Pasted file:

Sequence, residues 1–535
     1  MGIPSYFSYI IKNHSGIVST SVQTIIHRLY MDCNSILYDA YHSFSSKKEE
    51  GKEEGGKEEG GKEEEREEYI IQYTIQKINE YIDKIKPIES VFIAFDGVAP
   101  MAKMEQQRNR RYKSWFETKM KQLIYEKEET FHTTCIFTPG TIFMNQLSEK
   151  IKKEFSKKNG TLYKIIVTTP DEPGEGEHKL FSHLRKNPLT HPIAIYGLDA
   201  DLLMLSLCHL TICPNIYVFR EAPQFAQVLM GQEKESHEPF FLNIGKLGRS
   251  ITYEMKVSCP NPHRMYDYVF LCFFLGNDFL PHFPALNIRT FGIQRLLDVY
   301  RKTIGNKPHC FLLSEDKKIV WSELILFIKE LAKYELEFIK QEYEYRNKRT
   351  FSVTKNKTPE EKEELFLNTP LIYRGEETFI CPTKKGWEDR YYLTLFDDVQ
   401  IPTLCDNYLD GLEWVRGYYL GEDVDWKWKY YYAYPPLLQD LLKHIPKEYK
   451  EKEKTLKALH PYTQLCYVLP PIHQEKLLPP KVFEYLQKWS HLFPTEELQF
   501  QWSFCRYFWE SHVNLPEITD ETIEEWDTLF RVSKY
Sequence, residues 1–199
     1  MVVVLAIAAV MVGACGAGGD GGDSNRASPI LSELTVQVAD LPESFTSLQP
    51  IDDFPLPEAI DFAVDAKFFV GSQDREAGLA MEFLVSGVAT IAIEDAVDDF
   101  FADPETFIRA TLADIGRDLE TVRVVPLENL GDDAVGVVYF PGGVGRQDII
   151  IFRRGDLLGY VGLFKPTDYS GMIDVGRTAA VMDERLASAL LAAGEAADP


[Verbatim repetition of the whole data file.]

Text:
Sequence, residues 1–535
     1  MGIPSYFSYI IKNHSGIVST SVQTIIHRLY MDCNSILYDA YHSFSSKKEE
    51  GKEEGGKEEG GKEEEREEYI IQYTIQKINE YIDKIKPIES VFIAFDGVAP
   101  MAKMEQQRNR RYKSWFETKM KQLIYEKEET FHTTCIFTPG TIFMNQLSEK
   151  IKKEFSKKNG TLYKIIVTTP DEPGEGEHKL FSHLRKNPLT HPIAIYGLDA
   201  DLLMLSLCHL TICPNIYVFR EAPQFAQVLM GQEKESHEPF FLNIGKLGRS
   251  ITYEMKVSCP NPHRMYDYVF LCFFLGNDFL PHFPALNIRT FGIQRLLDVY
   301  RKTIGNKPHC FLLSEDKKIV WSELILFIKE LAKYELEFIK QEYEYRNKRT
   351  FSVTKNKTPE EKEELFLNTP LIYRGEETFI CPTKKGWEDR YYLTLFDDVQ
   401  IPTLCDNYLD GLEWVRGYYL GEDVDWKWKY YYAYPPLLQD LLKHIPKEYK
   451  EKEKTLKALH PYTQLCYVLP PIHQEKLLPP KVFEYLQKWS HLFPTEELQF
   501  QWSFCRYFWE SHVNLPEITD ETIEEWDTLF RVSKY
Sequence, residues 1–199
     1  MVVVLAIAAV MVGACGAGGD GGDSNRASPI LSELTVQVAD LPESFTSLQP
    51  IDDFPLPEAI DFAVDAKFFV GSQDREAGLA MEFLVSGVAT IAIEDAVDDF
   101  FADPETFIRA TLADIGRDLE TVRVVPLENL GDDAVGVVYF PGGVGRQDII
   151  IFRRGDLLGY VGLFKPTDYS GMIDVGRTAA VMDERLASAL LAAGEAADP